Strengthening the International System and Architecture

The Committee has addressed a number of important subjects that directly or indirectly form part of the international architecture. In the past year we have explored the following areas:

Developing countries and the international trade agenda. We were pleased to have as a plenary speaker yesterday the new Director-General of the World Trade Organization, Mr. Mike Moore. He set the tone for important and supportive comments in our communique, which emphasized that the next round of trade negotiations needed to deliver “early and substantial benefits for developing and transition countries, in particular the least developed countries.”

Principles and good practices in social policy. The Committee discussed this subject in the aftermath of the Asian crisis, stressing the importance of concerted action to help countries bolster their social policies and institutions. We concluded, however, that further development of basic principles in this area was best pursued with, and within, the framework of the United Nations, and leaving the Bank to concentrate on translating broad principles into practical country-specific results.

Strengthening international fora. The Committee discussed a number of options for strengthening the work of the Development Committee, including its links to the Interim Committee. Some of our members had advocated experimenting with a joint session of the two committees, and as a result of our experience two days ago we know that under certain circumstances it can work to good advantage. We are also seeking to ensure the minimum of overlap between the agendas of the two committees, so as to make the best use of members’ time.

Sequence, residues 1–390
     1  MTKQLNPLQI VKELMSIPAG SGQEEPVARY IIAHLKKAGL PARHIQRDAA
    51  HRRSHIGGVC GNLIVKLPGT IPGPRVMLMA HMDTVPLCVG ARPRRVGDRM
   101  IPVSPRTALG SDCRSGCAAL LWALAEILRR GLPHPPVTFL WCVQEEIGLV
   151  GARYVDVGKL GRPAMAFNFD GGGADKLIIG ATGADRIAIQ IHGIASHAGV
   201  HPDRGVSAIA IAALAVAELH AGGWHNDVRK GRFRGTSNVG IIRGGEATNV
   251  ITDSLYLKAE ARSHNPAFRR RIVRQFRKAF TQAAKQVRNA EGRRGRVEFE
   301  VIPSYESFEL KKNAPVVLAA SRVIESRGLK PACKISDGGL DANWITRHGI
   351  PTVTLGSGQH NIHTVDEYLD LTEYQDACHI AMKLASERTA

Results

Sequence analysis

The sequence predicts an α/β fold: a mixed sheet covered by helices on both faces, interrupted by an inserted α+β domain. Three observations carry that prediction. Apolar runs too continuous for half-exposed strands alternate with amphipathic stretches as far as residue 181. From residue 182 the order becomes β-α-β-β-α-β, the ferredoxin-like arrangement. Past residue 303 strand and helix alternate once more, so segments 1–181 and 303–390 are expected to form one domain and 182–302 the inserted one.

World Bank issues

The Comprehensive Development Framework. During these two meetings the theme of the CDF has frequently arisen, as many ministers have stressed the valuable contribution the CDF can make to formulation of development programs. Its holistic approach, the central role played by the host government, and the emphasis on partnership have struck a strong and positive note among many Committee members. One aspect of partnership particularly emphasized by the Committee is the need to strengthen further the World Bank’s cooperation with regional development banks.

Bank capital adequacy. The President has worked closely with the Executive Board in reviewing carefully the status of the Bank’s financial capacity. Their conclusion, supported by the Development Committee, is that the Bank’s finances remain sound, but that there are clear limits on what it can do to respond to future demands, especially if there is a deterioration in the global financial environment. We will be keeping the subject under review, based on regular reports from the Bank.


In conclusion, over a year ago, when I became Chairman of the Development Committee, there was great concern that Bank-Fund cooperation was insufficient on many important issues. Now I am pleased to report that such is no longer the case, as the Bank and the Fund have cooperated closely on many common institutional challenges facing them in this past year.